There is diversity on the bench among our judges, and we would like to reflect that diversity. And we have diverse clients, and we’d like to reflect that diversity to them as well. We have had some Black clients and clients of color who have raised concerns that the system doesn’t take their needs into account. So, for example, a Black father could be our client, and there could be only white forensic psychologists available to evaluate the parents in the case, and I think there could be a cultural gap there.
You started your career at Davis Polk & Wardwell. How did you become interested in matrimonial law.?
I liked my time at Davis Polk. I had fun cases, including one that went to trial. I had another serious investigation where we traveled a lot and made presentations to the government. I was there for about three years and had done some matrimonial pro bono work, which I enjoyed.
Then I got a cold call from a recruiter to come here. I didn’t have anything in mind, but I said, “What a great firm.” I was excited about doing the stuff that makes being a lawyer fun, like making more motions, arguing those motions in court, and taking depositions.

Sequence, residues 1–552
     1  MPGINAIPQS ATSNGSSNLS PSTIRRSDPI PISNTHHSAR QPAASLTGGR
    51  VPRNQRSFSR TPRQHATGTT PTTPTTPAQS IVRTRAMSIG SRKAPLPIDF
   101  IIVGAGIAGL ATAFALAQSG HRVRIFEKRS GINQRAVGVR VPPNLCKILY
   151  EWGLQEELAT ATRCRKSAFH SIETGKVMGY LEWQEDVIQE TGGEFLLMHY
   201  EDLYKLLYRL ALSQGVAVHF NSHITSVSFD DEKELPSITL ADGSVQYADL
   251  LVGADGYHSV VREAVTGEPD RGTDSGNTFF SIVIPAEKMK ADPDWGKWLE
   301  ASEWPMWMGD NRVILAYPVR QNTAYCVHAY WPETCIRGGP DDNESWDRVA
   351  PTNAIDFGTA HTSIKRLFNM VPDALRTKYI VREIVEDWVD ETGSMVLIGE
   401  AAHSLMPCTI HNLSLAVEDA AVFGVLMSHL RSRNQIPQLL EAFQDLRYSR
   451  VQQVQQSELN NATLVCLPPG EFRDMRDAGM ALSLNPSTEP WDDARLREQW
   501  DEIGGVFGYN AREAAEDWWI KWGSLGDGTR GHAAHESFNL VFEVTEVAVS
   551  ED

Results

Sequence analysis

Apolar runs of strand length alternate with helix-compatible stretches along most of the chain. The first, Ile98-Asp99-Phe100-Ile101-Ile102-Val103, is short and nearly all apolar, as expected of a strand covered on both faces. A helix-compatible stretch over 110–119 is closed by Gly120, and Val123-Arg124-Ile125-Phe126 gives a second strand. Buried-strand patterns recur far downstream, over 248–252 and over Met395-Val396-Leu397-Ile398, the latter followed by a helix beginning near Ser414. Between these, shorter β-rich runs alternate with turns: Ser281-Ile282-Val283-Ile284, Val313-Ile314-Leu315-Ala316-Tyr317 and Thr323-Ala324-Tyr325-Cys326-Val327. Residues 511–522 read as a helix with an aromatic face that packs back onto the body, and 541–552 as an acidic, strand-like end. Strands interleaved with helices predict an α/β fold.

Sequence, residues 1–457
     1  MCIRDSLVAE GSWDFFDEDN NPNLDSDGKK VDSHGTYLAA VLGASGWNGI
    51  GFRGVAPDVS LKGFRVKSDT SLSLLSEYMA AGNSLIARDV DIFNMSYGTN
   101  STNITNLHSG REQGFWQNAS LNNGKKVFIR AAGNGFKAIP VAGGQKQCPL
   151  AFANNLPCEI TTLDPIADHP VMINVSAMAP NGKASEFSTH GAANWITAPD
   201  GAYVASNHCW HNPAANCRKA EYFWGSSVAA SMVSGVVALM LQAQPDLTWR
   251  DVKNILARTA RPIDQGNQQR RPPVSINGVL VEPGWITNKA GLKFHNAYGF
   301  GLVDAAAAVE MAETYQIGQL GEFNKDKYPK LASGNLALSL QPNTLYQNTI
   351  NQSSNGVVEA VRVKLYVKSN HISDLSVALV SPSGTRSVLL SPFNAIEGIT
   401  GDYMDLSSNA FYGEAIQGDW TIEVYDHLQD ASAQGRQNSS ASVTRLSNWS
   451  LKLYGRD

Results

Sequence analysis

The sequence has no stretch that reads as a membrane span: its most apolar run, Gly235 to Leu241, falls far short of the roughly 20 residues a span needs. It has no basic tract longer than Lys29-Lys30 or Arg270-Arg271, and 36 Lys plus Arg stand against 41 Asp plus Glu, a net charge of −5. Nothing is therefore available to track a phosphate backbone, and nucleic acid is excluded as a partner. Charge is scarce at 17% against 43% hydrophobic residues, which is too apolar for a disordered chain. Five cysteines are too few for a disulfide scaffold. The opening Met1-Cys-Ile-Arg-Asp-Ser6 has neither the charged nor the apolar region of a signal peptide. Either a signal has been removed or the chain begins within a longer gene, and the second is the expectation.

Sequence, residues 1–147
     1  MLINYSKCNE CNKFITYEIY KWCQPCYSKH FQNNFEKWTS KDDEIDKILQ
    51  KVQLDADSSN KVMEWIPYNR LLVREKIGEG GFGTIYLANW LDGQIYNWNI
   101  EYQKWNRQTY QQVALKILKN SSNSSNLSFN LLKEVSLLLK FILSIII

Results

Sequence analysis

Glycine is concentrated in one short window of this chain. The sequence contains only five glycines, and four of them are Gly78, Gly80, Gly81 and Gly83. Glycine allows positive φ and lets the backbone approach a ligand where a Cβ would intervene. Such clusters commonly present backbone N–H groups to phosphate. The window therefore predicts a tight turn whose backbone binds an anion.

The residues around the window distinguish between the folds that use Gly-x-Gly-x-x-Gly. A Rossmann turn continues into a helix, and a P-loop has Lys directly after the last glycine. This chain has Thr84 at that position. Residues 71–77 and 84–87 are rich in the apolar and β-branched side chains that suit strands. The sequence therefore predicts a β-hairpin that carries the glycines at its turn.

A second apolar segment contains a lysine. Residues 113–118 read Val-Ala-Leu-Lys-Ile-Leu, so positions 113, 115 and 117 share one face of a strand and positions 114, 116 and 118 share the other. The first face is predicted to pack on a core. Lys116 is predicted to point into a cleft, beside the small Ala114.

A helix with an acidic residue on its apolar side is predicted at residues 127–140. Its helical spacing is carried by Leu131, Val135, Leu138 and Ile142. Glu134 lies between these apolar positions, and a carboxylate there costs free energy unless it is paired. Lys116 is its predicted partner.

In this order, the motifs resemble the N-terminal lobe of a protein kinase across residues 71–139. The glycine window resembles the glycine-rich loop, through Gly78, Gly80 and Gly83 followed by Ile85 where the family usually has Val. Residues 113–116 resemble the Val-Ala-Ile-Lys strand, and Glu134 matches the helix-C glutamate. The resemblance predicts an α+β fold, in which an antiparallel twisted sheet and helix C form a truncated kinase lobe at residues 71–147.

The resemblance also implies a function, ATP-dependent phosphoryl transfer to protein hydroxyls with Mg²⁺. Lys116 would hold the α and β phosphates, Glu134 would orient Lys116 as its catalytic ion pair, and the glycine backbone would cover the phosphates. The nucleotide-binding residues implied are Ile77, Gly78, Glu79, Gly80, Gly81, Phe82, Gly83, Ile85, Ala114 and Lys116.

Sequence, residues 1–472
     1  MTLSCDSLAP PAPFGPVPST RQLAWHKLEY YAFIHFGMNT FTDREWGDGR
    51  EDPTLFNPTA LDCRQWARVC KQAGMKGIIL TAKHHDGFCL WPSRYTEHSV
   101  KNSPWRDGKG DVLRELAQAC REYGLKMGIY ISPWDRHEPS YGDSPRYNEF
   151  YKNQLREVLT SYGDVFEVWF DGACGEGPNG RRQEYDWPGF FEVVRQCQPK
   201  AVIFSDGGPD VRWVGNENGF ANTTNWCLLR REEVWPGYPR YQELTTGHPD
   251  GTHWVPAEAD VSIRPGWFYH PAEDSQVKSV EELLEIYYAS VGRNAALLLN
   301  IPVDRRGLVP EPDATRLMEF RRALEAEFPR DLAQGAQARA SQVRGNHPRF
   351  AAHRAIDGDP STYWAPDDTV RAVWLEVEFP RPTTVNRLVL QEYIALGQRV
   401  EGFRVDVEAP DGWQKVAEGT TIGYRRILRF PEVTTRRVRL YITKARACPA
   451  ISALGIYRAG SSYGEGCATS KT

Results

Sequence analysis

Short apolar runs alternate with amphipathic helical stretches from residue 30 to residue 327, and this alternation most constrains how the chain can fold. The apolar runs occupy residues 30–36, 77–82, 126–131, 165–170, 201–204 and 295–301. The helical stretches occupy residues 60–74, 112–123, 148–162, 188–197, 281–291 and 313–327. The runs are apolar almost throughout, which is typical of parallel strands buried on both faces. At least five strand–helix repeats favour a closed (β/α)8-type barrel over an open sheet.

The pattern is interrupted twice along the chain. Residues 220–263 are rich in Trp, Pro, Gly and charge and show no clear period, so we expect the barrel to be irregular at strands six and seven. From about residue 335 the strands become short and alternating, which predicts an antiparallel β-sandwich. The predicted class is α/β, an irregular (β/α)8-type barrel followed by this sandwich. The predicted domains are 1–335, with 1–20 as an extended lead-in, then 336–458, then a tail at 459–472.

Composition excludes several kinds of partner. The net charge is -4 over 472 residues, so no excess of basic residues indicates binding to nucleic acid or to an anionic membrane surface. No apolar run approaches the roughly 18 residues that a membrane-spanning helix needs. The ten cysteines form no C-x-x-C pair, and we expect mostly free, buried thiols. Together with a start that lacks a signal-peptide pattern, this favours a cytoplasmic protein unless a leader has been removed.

Something I wasn’t expecting when I got here is how much settlement work we do. And that’s been a lot of fun as well.
What makes a great matrimonial lawyer?
I would say someone who is both an excellent litigator and an excellent settler of cases. When you know the law very well, and you’re confident about your ability to litigate successfully, then I think that that translates into an ability to negotiate a good settlement as well. And you really must do both because of the nature of these cases.
It’s knowing when to pull back and settle your case because that’s what’s best for the family. But it’s also being comfortable enough and confident enough to go to court when you need to protect your client.
I assume navigating the emotions of clients is a big part of the job?